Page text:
Allegiance” is the moving musical that marked iconic actor George Takei’s Broadway debut in 2015. A filmed version of the stage show has enjoyed annual screenings, presented by Fathom Events, since 2016. This year, “Allegiance” returns to cinemas on December 11 at 7:30 PM. In addition, a behind the scenes documentary, “Allegiance to Broadway,” will debut in cinemas on Tuesday December 4 at 7:30 PM.

Both films are scheduled for screenings around Pearl Harbor Day (December 7), since the show’s themes concern a Japanese-American family’s struggles in 1940s America.

Now in his early 80s, George Takei, whose six-decade career began with an iconic role on “Star Trek,” was sent to live in a Japanese American internment camp with his family when he was a young boy. His experiences inspired the plot and characters depicted in “Allegiance.”

George recently discussed this experience and more via an exclusive interview.

Musicals, films, and audiences

Meagan Meehan (MM): It’s obvious that the story behind “Allegiance” is very personal to you. How did the stage musical come about? Were you involved with the creative team from the beginning?

George Takei (GT): This is a fascinating story. We met the two men who would go on to be the producer and the composer/lyricist of the show entirely by chance, in New York City theaters, two nights in a row.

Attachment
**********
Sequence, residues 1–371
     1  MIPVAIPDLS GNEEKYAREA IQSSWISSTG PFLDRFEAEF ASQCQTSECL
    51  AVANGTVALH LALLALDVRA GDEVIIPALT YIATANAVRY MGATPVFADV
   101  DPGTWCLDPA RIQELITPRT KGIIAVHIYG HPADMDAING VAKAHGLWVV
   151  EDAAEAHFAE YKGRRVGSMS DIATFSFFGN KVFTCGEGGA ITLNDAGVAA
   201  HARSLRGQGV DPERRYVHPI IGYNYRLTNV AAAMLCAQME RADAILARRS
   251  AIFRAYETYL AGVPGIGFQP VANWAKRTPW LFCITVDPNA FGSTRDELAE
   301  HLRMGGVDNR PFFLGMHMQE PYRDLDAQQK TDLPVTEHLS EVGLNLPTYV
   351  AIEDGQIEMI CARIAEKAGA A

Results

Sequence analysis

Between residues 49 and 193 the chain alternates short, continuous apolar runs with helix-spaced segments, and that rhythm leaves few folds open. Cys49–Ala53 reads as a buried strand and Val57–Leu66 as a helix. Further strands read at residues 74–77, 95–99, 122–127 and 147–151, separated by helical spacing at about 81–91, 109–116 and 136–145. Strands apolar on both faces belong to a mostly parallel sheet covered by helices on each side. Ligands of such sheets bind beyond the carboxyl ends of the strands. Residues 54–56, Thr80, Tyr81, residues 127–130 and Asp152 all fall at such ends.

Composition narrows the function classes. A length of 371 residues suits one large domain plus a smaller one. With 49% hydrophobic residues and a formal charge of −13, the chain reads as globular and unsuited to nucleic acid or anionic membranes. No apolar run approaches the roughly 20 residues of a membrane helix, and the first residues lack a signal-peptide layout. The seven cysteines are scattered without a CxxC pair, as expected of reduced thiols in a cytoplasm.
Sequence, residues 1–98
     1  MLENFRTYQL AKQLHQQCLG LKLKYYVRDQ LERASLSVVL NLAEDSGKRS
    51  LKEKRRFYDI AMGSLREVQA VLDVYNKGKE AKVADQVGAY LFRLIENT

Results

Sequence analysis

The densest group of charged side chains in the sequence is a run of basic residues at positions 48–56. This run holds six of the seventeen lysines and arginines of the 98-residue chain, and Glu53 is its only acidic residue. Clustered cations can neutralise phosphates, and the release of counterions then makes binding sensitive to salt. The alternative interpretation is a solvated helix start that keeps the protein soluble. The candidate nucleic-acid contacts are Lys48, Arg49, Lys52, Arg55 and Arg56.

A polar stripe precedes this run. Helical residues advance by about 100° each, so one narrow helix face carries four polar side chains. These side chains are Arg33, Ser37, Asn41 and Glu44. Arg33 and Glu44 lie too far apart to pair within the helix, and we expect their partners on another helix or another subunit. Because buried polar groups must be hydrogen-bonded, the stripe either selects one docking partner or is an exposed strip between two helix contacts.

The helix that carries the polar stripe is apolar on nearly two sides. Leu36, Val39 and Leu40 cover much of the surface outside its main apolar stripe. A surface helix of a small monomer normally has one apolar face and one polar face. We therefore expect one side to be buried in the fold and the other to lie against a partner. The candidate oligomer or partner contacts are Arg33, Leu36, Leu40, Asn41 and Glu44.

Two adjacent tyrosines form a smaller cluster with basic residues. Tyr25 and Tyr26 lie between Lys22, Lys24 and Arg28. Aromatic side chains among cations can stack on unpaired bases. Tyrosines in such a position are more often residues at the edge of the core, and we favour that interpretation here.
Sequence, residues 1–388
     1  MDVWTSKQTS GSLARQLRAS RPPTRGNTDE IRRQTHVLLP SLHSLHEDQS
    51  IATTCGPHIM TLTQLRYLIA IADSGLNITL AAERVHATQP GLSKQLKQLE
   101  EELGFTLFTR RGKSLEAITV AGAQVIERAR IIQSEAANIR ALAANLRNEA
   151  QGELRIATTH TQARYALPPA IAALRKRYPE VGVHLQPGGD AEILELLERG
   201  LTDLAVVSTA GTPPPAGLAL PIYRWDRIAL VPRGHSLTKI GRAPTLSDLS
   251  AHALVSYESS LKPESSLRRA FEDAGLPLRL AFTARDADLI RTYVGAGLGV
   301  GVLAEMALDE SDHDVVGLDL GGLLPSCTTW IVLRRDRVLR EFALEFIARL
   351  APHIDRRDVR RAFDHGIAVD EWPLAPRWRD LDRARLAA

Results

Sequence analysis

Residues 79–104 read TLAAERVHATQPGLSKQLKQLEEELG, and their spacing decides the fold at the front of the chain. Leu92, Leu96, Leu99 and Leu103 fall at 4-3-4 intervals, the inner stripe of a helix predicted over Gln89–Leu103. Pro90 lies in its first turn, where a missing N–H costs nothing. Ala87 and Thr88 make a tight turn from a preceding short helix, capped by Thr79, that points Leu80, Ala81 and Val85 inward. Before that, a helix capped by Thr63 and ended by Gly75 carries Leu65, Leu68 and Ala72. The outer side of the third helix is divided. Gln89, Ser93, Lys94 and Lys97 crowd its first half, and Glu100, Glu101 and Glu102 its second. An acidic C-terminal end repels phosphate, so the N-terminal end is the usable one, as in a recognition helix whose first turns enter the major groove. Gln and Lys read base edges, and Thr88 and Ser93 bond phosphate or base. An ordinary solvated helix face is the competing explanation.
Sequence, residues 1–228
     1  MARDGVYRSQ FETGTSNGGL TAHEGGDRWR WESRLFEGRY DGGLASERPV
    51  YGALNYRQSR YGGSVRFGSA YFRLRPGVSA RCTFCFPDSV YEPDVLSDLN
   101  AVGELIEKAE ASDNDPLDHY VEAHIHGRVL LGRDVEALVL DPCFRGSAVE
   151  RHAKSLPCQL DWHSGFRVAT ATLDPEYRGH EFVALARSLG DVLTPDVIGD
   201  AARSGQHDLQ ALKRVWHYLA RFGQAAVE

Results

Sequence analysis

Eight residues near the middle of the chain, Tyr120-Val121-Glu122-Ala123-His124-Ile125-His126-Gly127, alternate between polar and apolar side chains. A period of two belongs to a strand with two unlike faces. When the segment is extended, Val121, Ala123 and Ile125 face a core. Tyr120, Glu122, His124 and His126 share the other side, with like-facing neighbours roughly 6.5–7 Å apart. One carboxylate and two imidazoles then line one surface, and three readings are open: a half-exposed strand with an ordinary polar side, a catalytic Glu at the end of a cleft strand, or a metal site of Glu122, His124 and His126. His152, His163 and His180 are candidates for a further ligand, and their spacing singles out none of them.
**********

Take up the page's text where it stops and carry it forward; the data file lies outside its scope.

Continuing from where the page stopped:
The universe must really have intended that we meet, for the first night they were seated in front of us and turned around to chat about theater, and we thought, what a nice couple of fellows, only to encounter them the very next night, again, in our same row! It was there that I first recounted the story of my own family’s experiences in the internment, and the two of them got very excited, saying that this could inspire a whole show on this topic.

That was how “Allegiance” was born.

MM: What’s your favorite moment in “Allegiance,” and why?

GT: There are so many, really. I very much enjoy the big dance number, “Paradise.” Not only is it an improbable up-tempo in an otherwise grim setting, but it tells a crucial story and provides commentary on the infamous “Loyalty Questionnaire” which my own father and mother were forced to answer, which eventually had us labeled as “disloyal” and sent away to a much harsher camp called Tule Lake.